Peter Hollings gave a presentation on industry-university research partnerships at the Ontario Prospectors Association’s Exploration and Geoscience Symposium in Sudbury Dec. 12.
Many government research funding agencies, including the Natural Sciences and Engineering Research Council of Canada (NSERC), Ontario Centres of Excellence and FedNor, will match industry research dollars when companies sponsor student work, said Hollings.
“Universities can provide expertise and in-depth study. As well, when working with universities, there’s this potential to double their money if they go to a federal or provincial granting agency,” he said. “It makes good sense for them.”
Companies can sponsor students’ thesis projects at the honour’s, master’s or doctorate level, he said. Students have access to specialized equipment and the latest analytical techniques, and receive help from their professors.
If they don’t want to sponsor a thesis, mining companies can also give students a job for the summer, thus increasing the chances that they will work for the company later.
He also said mining companies can sponsor an NSERC research chair at a university, which costs about $100,000 per year for five years.
Hollings cautioned industry representatives that they need to know what they’re getting into before sponsoring student research.
It can take a student anywhere from one to five years to complete a thesis, depending on their academic level, he said. Student research is probably inappropriate for companies that need information right away, Hollings said.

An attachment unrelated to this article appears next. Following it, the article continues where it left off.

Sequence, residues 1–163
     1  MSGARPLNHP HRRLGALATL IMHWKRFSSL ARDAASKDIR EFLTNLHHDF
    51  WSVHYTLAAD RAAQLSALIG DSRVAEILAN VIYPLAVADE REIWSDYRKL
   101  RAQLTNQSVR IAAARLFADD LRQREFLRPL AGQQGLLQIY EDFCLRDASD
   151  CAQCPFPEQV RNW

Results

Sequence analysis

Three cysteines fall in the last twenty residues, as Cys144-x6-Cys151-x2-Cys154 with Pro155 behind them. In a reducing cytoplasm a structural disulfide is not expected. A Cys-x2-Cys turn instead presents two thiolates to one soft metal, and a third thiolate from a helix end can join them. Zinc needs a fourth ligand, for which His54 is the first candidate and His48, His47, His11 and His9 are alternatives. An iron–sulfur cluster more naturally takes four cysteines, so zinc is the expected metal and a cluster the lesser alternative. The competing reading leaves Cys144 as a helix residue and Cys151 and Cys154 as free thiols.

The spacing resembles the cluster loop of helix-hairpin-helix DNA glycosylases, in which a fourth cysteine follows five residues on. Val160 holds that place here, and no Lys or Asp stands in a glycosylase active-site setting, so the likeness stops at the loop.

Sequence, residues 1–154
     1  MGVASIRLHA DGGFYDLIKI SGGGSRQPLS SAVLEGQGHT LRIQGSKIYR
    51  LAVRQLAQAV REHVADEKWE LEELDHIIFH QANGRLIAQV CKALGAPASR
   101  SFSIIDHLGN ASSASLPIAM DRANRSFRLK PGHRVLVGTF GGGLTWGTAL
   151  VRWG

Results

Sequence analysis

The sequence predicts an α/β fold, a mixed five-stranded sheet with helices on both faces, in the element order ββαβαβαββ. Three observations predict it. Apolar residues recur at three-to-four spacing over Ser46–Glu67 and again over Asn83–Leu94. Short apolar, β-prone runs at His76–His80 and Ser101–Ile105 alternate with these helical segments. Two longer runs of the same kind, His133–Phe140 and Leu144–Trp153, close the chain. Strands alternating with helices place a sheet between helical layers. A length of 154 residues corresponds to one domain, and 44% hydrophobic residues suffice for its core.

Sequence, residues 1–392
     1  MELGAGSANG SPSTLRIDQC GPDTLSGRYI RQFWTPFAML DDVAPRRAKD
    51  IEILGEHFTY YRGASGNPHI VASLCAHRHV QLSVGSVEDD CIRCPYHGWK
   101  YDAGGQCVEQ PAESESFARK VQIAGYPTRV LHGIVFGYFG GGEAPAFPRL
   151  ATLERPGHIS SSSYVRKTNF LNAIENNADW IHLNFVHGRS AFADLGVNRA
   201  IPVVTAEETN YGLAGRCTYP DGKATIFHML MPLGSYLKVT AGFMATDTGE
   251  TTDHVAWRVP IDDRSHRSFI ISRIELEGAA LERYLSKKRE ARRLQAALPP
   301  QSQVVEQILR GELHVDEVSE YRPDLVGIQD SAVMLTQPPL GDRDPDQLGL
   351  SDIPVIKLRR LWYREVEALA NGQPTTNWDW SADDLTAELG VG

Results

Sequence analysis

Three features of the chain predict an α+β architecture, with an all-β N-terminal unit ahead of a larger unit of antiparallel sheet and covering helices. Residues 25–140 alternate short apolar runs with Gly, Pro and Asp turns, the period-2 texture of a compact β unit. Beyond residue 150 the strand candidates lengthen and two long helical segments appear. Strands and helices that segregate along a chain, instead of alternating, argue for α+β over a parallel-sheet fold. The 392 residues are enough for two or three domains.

As well, “academic people live and die by publication,” so student researchers need to retain intellectual property rights and publish their work.
Companies wanting to take advantage of research money from government funding agencies have to prove their project will benefit the province or country. But given the importance of mining to the economy in Northern Ontario, that’s not a hard sell, said Hollings.
The professor said the strong mining sector has been good news for his students.
“Right now, a lot of my students are being sponsored by mining companies. As the mining industry is going up and up and metal prices are booming, they’ve got money, so they’re more willing to support research projects,” he said.
“I’ve got projects going with Musselwhite Mine, Metalcorp and Huston Lake Mining. Most of my current graduate students are at least partially funded by mining and exploration. Things are going really well in that respect.”